Worksheets and No Prep Teaching Resources
Worksheets and No Prep Teaching Resources
Grade 8 Reading Comprehensions

The Great Train Robbery

The Great Train Robbery
Reading Level
     edHelper's suggested reading level:   grade 8
     Flesch-Kincaid grade level:   6.37

     challenging words:    despicable, felony, hokey, indelible, malign, mind-boggling, newsreel, stilted, unfasten, unmoved, vignette, screenplay, phony, further, matriarch, sidelong
     content words:    Kevin Gilmore, Great Train Robbery, Edwin S., Table Rock, New Jersey, Old West, Thomas Edison, Did Edison, Jameka Johnson

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The Great Train Robbery
By Brenda B. Covert

1     Kevin Gilmore anxiously anticipated the video that had been scheduled. For this session of the motion picture club, a twelve-minute, black-and-white classic called "The Great Train Robbery" was being shown. Filmed in 1903, it was the first narrative film in history! Edwin S. Porter, the man who had conceived, directed, and edited the film, based it on a felony that occurred in 1900. To prepare for the meeting, Kevin had read a short vignette of the crime in an encyclopedia. Butch Cassidy's "Wild Bunch" gang had robbed a train near Table Rock, Wyoming. They stopped the Union Pacific's No. 3 train and forced the conductor to unfasten the passenger cars from the rest of the train. Then they blew up the mail car's safe and ran off with $5,000 in cash.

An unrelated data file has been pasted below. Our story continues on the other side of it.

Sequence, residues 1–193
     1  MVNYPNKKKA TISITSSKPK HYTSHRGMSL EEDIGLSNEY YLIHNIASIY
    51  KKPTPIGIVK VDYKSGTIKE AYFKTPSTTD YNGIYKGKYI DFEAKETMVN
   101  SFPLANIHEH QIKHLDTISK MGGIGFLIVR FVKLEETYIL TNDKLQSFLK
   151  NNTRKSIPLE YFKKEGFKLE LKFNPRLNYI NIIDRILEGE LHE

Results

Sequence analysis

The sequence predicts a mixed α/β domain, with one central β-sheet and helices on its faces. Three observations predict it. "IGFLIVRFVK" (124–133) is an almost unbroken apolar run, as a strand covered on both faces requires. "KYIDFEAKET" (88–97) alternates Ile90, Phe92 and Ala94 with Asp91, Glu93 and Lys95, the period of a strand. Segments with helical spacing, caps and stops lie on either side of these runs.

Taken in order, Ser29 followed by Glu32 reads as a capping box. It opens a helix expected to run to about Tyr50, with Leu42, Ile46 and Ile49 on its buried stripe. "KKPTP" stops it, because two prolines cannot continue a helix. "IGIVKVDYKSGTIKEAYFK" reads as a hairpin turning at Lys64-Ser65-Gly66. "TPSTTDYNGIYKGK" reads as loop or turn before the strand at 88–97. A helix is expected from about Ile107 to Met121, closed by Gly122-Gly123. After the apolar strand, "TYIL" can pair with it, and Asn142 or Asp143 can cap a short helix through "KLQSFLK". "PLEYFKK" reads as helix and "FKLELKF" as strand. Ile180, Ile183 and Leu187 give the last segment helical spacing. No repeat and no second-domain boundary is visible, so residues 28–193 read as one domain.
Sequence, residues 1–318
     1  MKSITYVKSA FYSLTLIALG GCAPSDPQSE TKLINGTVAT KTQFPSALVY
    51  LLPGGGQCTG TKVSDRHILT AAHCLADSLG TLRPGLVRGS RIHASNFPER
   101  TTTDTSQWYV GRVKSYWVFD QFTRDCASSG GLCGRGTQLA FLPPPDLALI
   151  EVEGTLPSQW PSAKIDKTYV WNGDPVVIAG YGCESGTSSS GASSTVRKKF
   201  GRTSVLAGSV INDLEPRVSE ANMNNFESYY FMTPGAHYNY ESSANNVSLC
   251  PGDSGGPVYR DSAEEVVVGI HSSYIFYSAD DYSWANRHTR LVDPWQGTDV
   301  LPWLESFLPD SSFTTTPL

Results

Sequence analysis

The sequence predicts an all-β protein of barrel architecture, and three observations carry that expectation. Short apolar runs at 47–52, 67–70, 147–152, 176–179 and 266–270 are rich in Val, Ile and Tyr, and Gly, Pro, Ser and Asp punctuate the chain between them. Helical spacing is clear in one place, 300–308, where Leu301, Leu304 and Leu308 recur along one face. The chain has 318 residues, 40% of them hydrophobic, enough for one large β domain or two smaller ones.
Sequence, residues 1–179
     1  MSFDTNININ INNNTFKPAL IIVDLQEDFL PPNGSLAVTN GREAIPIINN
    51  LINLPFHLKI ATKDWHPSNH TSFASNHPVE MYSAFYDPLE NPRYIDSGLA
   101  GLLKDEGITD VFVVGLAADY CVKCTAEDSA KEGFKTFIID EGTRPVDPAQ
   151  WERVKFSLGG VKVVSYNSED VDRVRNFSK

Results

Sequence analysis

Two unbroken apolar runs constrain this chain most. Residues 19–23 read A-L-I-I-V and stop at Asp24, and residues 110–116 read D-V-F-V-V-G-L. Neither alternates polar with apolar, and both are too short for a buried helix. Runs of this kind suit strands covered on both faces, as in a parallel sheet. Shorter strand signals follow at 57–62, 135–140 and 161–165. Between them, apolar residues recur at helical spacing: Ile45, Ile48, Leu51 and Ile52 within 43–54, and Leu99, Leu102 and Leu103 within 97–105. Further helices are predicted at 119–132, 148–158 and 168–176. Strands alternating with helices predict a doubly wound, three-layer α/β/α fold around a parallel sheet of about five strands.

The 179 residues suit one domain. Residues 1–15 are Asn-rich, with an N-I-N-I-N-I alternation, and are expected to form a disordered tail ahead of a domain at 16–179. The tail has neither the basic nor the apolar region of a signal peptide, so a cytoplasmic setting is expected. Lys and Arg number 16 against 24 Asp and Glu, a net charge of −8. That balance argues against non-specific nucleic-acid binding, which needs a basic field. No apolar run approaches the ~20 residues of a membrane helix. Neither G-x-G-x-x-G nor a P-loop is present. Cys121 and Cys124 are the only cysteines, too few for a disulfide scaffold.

2     Kevin thought it was funny that the film was shot in New Jersey and Delaware, in areas that closely resembled the country in the Old West. He considered it extraordinary that Porter was a newsreel photographer who worked for Thomas Edison. Did Edison give him any ideas for special effects? Surely working for the great inventor would have been an exceptional experience that would have left an indelible impression on Porter. Some day Kevin wanted to direct movies with mind-boggling special effects. That's why he had recently joined the club.
3     Eventually the lights dimmed, and the show began. Kevin sat forward and studied each scene. He burst out in brief laughter when the first man was shot, but the older members of the club quickly shushed him. Yes, the shooting was despicable, but did they not see how phony it looked? However, Kevin resisted the urge to indulge in further merriment until the startling conclusion. At that point the others' stern looks served only to intensify his amusement.
4     The facilitator, whose personal quirk was to wink after asking a question, stood and explained the reaction to the movie when it was released one hundred years ago. Kevin was amused to learn that audiences, believing themselves to be witnessing a horrific event, would scream and run from the theater in distress. Truly, it seemed an excessive response to a short, hokey movie! Did they not consider the acting to be stilted and the fighting to be fake?

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